Amazon to Open 3,000 Amazon Go Stores by 2021: Report

Additional details revealed about target markets and demographics

SEATTLE -- Amazon plans to open up to 3,000 new Amazon Go cashierless convenience-stores by 2021, Bloomberg reported, citing people familiar with the matter.

Bloomberg’s sources claim the e-retailer plans to open 10 locations by the end of 2018, about 50 locations in major metro areas in 2019 and then as many as 3,000 by 2021.

Further, Bloomberg said Amazon continues to experiment with the store format, going between a setup akin to a c-store where customers can buy groceries, and a simpler grab-and-go stop for people looking for a quick bite to eat, according to one of the sources. Sources also told Bloomberg that Amazon is targeting dense urban areas with plenty of young, busy, affluent residents.

"Amazon Go already has no lines," Jeff Lenard, vice president of NACS, told the news agency. "The key to success will be convenient locations. If it’s a quarter-mile from where people are walking and biking, the novelty of the technology won’t matter. It’s too far away."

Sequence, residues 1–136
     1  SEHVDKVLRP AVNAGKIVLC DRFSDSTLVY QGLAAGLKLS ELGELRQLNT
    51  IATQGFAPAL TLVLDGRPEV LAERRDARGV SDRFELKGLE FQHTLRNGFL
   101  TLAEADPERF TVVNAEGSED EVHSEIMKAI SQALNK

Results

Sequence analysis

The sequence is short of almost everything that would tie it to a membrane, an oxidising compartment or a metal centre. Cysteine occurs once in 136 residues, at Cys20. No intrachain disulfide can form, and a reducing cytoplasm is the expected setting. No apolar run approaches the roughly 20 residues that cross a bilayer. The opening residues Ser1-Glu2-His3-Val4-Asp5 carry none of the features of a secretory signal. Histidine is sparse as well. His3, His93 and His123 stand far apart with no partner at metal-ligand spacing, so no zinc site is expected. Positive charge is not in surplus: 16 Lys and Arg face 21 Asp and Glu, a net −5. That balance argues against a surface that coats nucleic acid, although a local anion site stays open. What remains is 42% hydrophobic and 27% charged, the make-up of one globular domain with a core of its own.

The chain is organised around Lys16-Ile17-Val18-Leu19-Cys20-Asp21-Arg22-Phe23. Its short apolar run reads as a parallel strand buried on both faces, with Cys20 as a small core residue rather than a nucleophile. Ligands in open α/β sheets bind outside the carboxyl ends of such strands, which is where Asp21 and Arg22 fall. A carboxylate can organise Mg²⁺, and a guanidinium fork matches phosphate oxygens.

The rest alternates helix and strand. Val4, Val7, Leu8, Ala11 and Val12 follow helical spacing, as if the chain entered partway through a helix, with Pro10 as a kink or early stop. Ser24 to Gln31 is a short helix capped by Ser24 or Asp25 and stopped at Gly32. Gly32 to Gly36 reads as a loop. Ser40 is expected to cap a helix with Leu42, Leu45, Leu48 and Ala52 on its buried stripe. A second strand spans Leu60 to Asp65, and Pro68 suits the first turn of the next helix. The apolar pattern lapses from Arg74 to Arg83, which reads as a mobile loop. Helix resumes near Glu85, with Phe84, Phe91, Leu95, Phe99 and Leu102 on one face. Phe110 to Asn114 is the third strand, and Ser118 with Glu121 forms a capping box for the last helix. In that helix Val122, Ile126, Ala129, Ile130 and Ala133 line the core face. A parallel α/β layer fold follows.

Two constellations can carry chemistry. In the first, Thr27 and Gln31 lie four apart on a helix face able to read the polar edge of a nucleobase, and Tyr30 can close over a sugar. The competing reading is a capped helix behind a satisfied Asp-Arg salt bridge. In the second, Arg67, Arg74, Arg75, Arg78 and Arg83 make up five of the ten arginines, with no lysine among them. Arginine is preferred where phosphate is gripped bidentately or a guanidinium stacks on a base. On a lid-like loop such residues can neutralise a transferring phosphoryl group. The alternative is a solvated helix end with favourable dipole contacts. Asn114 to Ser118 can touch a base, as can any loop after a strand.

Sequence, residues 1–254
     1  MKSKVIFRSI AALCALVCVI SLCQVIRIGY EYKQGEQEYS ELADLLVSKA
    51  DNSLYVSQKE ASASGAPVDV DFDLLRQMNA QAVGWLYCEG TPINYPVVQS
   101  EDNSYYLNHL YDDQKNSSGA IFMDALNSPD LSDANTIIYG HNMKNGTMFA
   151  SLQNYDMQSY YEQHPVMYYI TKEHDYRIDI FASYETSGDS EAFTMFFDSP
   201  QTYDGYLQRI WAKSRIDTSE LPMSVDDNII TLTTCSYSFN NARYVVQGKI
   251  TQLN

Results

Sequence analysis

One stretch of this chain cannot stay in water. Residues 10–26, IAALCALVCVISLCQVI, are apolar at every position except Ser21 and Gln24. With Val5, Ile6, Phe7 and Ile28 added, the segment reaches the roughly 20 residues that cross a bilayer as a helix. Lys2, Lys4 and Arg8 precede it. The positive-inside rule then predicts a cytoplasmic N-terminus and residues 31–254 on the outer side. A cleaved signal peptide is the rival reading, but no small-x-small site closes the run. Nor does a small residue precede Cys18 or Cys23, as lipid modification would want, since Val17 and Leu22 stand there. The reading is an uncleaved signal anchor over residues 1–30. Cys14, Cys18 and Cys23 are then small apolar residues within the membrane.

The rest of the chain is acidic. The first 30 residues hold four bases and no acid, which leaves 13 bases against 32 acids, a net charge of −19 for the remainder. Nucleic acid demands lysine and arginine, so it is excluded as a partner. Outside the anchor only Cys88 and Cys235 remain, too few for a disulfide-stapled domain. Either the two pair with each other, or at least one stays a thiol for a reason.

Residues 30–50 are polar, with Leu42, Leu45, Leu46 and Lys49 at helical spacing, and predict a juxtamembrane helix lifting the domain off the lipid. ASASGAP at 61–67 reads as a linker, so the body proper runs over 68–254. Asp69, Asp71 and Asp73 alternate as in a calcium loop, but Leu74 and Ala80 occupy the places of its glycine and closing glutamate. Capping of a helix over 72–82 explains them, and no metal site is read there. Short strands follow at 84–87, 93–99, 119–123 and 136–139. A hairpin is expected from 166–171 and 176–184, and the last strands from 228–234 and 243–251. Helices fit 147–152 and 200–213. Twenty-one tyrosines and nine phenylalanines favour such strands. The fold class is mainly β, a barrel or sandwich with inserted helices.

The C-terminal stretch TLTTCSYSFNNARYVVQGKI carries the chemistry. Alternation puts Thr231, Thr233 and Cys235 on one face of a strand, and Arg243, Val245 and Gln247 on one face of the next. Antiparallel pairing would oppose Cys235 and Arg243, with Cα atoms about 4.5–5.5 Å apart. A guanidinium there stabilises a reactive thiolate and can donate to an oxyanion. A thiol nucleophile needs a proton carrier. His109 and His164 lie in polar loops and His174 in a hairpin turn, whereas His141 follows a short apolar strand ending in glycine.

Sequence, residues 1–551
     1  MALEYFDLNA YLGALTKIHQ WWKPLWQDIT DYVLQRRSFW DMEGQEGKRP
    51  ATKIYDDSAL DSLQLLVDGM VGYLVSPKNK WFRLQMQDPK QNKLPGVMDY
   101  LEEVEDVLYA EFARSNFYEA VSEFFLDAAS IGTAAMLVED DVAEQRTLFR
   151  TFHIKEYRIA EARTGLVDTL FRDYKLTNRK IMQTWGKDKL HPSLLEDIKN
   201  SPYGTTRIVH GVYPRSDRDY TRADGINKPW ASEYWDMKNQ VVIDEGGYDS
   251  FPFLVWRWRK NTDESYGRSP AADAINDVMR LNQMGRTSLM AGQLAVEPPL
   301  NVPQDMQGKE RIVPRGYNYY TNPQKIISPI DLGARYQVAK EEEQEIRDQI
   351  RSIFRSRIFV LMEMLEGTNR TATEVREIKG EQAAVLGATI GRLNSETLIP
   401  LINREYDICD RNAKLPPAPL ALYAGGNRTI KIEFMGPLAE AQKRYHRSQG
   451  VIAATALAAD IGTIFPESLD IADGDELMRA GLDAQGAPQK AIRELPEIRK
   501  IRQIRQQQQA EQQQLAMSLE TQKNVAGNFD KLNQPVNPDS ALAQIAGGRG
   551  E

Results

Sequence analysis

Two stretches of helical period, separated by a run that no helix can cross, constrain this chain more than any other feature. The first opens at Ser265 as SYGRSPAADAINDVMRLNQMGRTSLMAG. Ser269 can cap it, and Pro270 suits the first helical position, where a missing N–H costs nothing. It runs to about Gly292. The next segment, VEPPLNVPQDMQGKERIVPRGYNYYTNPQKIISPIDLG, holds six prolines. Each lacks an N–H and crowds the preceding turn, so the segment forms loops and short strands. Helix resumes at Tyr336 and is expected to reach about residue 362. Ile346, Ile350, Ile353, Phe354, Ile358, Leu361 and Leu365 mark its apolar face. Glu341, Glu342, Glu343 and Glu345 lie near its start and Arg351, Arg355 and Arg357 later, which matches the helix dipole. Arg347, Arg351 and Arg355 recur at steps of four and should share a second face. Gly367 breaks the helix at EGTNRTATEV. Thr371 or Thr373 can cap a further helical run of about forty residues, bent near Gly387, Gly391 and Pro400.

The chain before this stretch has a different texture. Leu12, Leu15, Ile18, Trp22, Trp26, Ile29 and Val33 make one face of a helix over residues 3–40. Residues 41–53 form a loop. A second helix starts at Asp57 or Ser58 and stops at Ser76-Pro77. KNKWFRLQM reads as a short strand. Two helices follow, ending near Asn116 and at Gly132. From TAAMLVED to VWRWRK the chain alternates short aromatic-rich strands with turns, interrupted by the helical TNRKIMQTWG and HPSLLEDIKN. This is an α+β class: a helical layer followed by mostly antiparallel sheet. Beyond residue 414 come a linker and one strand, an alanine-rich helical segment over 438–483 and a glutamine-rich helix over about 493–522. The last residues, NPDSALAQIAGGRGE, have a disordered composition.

"We don't comment on rumors or speculation," an Amazon spokesperson said in response to a request from CSP Daily News.

According to Bloomberg, the first Amazon Go in Seattle cost more than $1 million in hardware alone; narrowing Amazon Go’s focus to preprepared grab-and-go foods would reduce the cost to open each location, the report said.

Amazon Go is a store without cashiers or checkout counters. The first location opened in January 2018 and three additional locations have opened—two in Seattle and one in Chicago—in the past month. Customers need only download the Amazon Go app and sign in with their Amazon account for a QR code that allows them to enter the store. An Amazon Prime account is not required. Customers can then simply grab an item from the shelves and leave without standing in line or marking their purchase in any way. Amazon calls it “just walk out” technology. The futuristic shopping expereince is achieved through the use of cameras in the ceiling and sensors on the shelves that track both customer and item movement.

Stay tuned to CSP Daily News for more on this and other Amazon Go developments.

Photograph by Greg Lindenberg


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